It gives me great pleasure to welcome you, Ambassador Noel, as Haiti’s first Plenipotentiary Representative to the Caribbean Community. Ambassador, you, however, are far from being a newcomer to our Community and this institution in particular.
You were a pioneer in the Secretariat’s programme for attaching Haitian professionals to the organisation back in 2008, being the first Haitian government official attached initially to the CARICOM Representation Office in Haiti (CROH) and then to the Foreign and Community Relations Directorate of the Secretariat. Much like your country, Excellency, you have been a trailblazer, and it seems therefore only fitting that you be vested with the honour of being Haiti’s first Plenipotentiary Representative to CARICOM. Your accreditation could truly be viewed as a home-coming.
As your country’s first envoy to CARICOM, you carry your country over a new threshold in its relations with the Community. I regard the presentation of your credentials today as a re-affirmation of the strong role that Haiti plays and will continue to play in our Community.
Since embracing membership in 2002, Haiti and the Community have worked together to ensure the smoothest possible integration of your country into CARICOM. To this end, the CARICOM Representation Office in Haiti had worked with your own Bureau de Suivi. Numerous technical missions, workshops and engagements have been held, for example, to assist Haiti in preparing for its eventual accession to the Single Market regime. These efforts have been greatly facilitated by a number of international donors, in particular the Government of Canada as well as the Governments of Australia and Spain. I wish to take this opportunity, on behalf of the Community, to once more express appreciation to these countries for their support in helping CARICOM to build Haiti’s capacity to fully benefit from their membership in the Community. The Secretariat continues to work with Haiti to ensure that the country fully integrates into the CARICOM Single Market and Economy (CSME).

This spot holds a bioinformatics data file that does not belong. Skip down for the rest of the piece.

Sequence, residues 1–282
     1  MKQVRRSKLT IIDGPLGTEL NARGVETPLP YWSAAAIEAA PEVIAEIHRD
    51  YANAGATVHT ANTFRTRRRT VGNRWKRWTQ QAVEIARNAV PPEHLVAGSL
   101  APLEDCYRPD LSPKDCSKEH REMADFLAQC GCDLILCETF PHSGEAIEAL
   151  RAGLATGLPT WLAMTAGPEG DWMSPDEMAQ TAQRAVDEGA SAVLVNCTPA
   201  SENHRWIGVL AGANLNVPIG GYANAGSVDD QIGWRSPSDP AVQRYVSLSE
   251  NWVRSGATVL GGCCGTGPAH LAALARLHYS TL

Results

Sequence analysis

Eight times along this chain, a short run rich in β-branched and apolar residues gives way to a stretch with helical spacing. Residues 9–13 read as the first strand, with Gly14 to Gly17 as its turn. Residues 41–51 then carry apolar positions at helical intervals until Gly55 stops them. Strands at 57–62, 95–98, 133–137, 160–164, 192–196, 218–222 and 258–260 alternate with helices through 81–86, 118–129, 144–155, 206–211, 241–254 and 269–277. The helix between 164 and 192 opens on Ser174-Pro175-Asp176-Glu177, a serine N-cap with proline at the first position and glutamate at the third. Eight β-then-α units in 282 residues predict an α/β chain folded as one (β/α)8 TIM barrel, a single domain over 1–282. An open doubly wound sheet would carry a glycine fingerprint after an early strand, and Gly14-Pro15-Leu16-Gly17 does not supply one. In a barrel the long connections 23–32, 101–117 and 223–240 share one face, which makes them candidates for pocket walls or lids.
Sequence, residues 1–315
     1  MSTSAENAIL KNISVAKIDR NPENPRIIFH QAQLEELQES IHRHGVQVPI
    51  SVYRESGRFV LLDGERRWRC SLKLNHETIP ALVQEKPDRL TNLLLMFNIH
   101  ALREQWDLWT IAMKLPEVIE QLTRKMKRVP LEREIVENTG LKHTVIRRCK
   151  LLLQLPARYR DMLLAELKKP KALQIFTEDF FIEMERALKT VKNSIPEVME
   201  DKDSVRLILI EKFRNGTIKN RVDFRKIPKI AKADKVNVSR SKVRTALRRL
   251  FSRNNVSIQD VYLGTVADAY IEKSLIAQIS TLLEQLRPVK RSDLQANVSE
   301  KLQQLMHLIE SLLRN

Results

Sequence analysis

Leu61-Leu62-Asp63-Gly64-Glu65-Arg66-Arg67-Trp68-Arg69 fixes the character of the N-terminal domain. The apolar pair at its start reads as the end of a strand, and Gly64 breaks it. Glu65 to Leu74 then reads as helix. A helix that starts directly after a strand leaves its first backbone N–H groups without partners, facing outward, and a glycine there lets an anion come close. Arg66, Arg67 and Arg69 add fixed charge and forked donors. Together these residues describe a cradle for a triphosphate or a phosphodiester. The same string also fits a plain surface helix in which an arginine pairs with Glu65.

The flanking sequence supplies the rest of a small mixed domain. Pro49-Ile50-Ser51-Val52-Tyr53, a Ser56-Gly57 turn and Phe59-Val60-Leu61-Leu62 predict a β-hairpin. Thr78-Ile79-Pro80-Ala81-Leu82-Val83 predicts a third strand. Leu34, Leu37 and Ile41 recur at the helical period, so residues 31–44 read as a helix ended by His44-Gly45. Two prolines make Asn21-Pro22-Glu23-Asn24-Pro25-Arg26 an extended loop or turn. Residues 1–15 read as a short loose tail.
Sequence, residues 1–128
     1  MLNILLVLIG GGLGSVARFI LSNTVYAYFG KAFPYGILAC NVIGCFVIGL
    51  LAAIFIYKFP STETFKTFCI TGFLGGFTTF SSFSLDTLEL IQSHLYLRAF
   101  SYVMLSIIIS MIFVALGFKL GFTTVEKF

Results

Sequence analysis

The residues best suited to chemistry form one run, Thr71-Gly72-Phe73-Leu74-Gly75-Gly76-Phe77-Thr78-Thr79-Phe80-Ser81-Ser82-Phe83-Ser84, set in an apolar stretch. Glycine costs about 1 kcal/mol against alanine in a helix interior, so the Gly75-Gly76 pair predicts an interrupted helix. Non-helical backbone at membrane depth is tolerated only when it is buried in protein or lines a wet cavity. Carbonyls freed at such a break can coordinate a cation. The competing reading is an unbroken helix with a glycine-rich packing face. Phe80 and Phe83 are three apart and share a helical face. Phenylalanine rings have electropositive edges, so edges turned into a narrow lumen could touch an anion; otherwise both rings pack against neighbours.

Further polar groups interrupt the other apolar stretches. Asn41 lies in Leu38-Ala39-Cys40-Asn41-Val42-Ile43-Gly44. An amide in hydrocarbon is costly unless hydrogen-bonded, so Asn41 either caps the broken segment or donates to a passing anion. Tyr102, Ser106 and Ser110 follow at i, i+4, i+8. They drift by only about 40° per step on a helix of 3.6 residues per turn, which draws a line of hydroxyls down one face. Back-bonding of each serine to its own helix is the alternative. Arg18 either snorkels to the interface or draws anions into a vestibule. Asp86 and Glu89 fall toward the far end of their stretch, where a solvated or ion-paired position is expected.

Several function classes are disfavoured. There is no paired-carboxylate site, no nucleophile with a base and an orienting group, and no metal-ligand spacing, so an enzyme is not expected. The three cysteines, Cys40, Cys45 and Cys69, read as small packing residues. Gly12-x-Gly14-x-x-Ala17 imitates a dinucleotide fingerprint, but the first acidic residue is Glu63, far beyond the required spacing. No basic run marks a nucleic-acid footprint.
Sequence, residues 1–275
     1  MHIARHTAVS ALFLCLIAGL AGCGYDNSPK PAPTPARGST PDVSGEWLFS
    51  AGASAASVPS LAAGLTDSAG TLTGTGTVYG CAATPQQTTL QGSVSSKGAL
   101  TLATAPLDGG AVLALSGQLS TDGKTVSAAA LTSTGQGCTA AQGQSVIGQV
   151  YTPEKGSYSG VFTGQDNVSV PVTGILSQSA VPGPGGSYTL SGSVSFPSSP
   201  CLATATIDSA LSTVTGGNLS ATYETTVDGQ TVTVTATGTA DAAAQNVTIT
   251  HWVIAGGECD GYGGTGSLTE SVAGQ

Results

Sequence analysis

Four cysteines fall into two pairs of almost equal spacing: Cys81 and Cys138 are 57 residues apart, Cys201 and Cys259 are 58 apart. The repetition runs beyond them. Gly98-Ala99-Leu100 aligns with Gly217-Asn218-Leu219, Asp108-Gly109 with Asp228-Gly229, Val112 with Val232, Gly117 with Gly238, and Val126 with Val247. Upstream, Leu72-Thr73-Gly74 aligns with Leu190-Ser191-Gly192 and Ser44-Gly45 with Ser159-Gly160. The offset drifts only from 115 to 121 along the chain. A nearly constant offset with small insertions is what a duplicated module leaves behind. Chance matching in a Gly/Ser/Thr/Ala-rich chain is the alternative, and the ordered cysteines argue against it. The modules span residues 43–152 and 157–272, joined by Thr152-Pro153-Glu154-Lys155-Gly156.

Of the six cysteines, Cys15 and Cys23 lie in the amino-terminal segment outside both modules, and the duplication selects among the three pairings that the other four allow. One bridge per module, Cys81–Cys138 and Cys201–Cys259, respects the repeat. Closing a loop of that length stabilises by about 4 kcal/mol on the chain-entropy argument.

We, as a Community, welcome what Haiti brings to CARICOM, which President Martelly outlined as a “market of nearly ten million people, unsuspected natural assets and a rich cultural heritage”. Haiti undoubtedly enriches the cultural diversity of the Community. President Martelly rightly described Haiti as an opportunity, one yet to be fully discovered by our people.
Ambassador, it would be remiss of me not to identify some highlights of Haiti’s membership of CARICOM to date. At the beginning of last year, for the first time Haiti assumed the Chairmanship of the Community during which time the Community benefitted from the able leadership of President Michel Martelly.
Most recently President Martelly’s leadership brought the Community’s focus on the needs of the differently abled which resulted in the Declaration of Petionville adopted by the High-Level Regional Meeting on Persons with Disabilities. That Declaration now forms the platform on which the Community is advancing its efforts to address issues of concern to persons with disabilities.